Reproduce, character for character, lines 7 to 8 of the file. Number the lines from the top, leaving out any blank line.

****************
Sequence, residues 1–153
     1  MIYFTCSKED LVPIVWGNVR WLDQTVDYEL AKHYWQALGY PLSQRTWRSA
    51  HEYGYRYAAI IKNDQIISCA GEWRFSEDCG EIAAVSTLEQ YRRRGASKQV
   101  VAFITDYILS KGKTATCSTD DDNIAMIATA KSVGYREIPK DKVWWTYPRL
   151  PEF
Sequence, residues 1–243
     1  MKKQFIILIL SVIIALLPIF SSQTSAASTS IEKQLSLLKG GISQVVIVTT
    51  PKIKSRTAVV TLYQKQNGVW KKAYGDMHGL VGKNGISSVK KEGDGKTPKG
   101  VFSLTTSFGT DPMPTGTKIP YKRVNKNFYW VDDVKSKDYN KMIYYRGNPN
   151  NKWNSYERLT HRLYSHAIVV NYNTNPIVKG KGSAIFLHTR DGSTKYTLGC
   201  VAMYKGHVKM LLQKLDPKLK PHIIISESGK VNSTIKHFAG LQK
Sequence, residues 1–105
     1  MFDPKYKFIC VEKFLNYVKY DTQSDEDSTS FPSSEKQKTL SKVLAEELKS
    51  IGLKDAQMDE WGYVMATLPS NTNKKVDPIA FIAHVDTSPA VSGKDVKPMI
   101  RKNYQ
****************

     1  MKKQFIILIL SVIIALLPIF SSQTSAASTS IEKQLSLLKG GISQVVIVTT
    51  PKIKSRTAVV TLYQKQNGVW KKAYGDMHGL VGKNGISSVK KEGDGKTPKG